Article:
In another bid to revive India’s fading cultural sphere the Jawahar Kala Kendra (JKK) multi-arts centre was established in 1991 at Jaipur, Rajasthan, to restore various forms of Rajasthani arts. The centre was designed by the renowned Indian architect Charles Correa and embodies both the visual and cultural heritage of Jaipur. It took five years for the splendid building to come to fruition and the centre was put to good use for a few years before falling into a dilapidated state. That is until 2015, when Rajasthan Chief Minister Vasundhara Raje took the initiative to revive the culture and tourism in Rajasthan and under the direction of Pooja Sood, Jawahar Kala Kendra underwent a major renovation.
The most unique aspect of the centre lies in its conceptual architecture, which is based on the tenets of Indian astrology and reminiscent of Jaipur’s square-grid plan. Designed according to the theme of the nine planets, each section of the building resembles the characteristics of the corresponding planet. The library, for instance, is located in the Jupiter section; the planet attributed to knowledge and wisdom.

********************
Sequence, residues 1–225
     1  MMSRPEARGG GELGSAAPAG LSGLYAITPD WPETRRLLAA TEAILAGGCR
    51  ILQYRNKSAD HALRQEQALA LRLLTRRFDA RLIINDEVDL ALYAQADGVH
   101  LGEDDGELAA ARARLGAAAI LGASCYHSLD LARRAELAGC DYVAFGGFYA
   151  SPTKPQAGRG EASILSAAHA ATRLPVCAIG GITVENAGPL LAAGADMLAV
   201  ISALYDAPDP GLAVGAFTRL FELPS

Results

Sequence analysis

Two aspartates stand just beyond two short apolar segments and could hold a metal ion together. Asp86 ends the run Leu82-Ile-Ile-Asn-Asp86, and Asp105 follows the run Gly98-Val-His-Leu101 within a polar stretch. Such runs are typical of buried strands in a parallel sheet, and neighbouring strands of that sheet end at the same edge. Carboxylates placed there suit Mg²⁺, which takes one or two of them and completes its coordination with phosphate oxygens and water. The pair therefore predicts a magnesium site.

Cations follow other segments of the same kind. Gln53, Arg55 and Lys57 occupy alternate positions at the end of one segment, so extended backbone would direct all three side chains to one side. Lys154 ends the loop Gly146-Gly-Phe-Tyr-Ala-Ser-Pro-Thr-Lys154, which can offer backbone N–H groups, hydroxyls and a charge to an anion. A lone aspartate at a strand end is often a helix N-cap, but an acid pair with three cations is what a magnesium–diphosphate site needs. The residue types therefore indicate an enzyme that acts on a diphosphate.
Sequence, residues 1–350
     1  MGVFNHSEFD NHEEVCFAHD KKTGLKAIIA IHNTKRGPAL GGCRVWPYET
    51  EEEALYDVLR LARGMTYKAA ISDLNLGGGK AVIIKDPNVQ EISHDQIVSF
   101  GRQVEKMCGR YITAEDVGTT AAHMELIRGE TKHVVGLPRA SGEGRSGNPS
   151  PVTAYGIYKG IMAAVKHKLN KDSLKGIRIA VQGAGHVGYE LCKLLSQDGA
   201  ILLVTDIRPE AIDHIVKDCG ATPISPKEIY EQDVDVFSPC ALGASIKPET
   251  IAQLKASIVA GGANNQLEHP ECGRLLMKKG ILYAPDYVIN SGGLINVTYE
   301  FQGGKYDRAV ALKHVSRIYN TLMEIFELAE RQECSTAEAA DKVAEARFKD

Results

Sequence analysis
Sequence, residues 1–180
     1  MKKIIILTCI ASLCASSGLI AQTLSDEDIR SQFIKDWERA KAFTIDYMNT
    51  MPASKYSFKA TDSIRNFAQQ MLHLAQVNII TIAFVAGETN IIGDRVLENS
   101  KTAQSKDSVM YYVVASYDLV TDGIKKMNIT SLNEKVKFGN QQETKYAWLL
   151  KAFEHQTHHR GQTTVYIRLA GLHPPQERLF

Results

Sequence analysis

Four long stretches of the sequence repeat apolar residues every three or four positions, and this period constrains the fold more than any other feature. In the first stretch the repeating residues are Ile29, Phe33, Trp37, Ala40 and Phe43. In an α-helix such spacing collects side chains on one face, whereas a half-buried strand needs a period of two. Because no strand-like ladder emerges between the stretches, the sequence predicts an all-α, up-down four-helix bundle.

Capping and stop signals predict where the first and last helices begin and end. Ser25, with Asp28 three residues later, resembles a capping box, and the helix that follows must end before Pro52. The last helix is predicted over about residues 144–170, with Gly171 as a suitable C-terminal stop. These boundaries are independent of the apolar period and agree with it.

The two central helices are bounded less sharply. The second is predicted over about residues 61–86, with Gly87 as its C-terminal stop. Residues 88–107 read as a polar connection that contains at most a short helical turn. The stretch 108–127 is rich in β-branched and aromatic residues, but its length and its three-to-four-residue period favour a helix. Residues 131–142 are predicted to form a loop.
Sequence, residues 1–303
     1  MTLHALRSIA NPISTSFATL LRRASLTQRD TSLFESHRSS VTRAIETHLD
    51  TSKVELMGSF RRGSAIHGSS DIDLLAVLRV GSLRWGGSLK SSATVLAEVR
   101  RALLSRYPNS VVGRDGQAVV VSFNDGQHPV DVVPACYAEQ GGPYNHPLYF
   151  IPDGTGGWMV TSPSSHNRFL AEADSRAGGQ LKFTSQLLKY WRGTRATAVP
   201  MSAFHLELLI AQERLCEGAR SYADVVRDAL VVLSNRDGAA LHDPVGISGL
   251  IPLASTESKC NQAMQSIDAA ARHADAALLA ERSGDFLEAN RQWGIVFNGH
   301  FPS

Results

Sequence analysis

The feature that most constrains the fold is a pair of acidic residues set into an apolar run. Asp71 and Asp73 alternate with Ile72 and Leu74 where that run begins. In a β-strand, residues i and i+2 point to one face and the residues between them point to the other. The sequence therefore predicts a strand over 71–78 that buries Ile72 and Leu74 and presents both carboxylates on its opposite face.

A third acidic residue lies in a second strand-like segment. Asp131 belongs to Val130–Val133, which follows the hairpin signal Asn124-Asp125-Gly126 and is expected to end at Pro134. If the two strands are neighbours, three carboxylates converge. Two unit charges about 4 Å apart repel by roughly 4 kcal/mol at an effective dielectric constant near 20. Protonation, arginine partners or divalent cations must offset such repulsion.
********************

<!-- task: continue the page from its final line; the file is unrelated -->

Apart from the architecture itself, murals from Jain mythology, charts and paintings on the ceiling of the central dome add to the exceptional nature of the building. These paintings have also been retouched as part of the refurbishment. There was also an improvement in its accessibility and is now completely friendly for their differently-abled patrons. The library too has been upgraded, with a junior reading room for children and enhanced sound systems in all the auditoriums.
The galleries reopened in January with astounding new shows and a retrospective exhibition of Ebrahim Alkazi’s theatre work, curated by Amal Allana and designed by Nissar Allana. The revamped Arts Centre has been envisioned as space where museum-quality exhibitions, ranging across genres from new media, popular culture and photography to architecture, painting and design will be held. They aim to attract audiences from India and abroad as its reputation grows, in the hope that a little bit of exposure will go a long way.